The other thing you must see are Lyon's extraordinary murals, which are scattered throughout town, with many in the heart of the city. They are true works of art, and some of the larger ones are so intricate you could spend an hour gazing without seeing everything. Most represent some facet of the city and its history.
The Santons of Provence are a local tradition that dates back to the 18th century. The tiny terracotta figurines, or santons, were originally created to play out nativity scenes in a miniature fashion, when the traditional nativity scenes in churches were outlawed during the French Revolution.
Today they're a much-loved part of Christmas festivities in the South of France and you can find markets entirely dedicated to both the santons and the artists that create them, with one of the best markets located in Aix-en-Provence.
The foire aux santons (santons fair) started here in 1934 and still takes place from late November to the end of December every year. You'll find it in the centre of Aix-en-Provence, running alongside the annual Christmas market, which starts at the Place de la Rotonde and spreads down the city's central boulevard, Cours Mirabeau. Here you'll find santonniers selling their creations, often displayed reenacting everything from traditional nativity scenes to full-blown village life including fishmongers, bakers and farmers.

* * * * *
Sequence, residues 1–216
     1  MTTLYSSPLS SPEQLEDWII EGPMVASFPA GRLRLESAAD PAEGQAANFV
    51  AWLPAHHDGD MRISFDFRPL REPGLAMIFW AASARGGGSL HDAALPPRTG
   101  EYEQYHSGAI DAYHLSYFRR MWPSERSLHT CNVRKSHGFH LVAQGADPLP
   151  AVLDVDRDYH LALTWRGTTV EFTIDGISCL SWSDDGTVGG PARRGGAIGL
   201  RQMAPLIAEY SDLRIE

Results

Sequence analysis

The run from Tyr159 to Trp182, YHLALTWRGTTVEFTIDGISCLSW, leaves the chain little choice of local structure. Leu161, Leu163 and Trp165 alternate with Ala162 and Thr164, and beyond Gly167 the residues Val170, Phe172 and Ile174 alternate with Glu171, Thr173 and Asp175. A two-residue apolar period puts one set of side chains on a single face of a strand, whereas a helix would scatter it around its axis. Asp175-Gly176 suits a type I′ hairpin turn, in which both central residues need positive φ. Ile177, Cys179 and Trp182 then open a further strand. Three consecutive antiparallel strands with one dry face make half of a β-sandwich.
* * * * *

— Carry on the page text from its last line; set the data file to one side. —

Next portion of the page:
Any market in Aix-en-Provence is a joy but the santons fair is an excellent way to both appreciate this unique cultural aspect of Provence, and to pick up some very special treasures to take home with you.
—By Nadine Maffre from Le Long Weekend
AIX IN ROMAN TIMES
The city of Aix-en-Provence, once known as Aquae Sextiae, was the first Roman settlement in what is present-day France. Contrary to other Roman cities, this one was populated in large part by Gauls arriving from nearby towns. It is famous for the Battle of Aquae Sextiae in 102 BC, when Germanic and Nordic tribes swept down into southern Gaul and were repelled by the Roman Consul, Caius Marius.
The Greek writer and philosopher Plutarch immortalized this battle in his Life of Marius. Thousands were taken prisoner and it is said that the women chose suicide over slavery. Aix is a well-known thermal center but less known is that it was already so in Antiquity, since several Roman thermal ruins have been found.
Most France Christmas markets open towards the end of November, the 3rd or 4th weekend, and go through to the end of December. A few edge into January, but each market has its own dates.
Impossible to know! There are around 50 (at least) well-known ones but many smaller towns and even villages have a Christmas market, so you cannot really count them.
Sadly, most are closed in winter. However, some exhibitors also have brocante or antique shops, and those do remain open, as do other shops. But you'll have to wait for spring and summer for your typical outdoor experience. Here are some of the best flea markets in France.
—Originally published 20 September 2020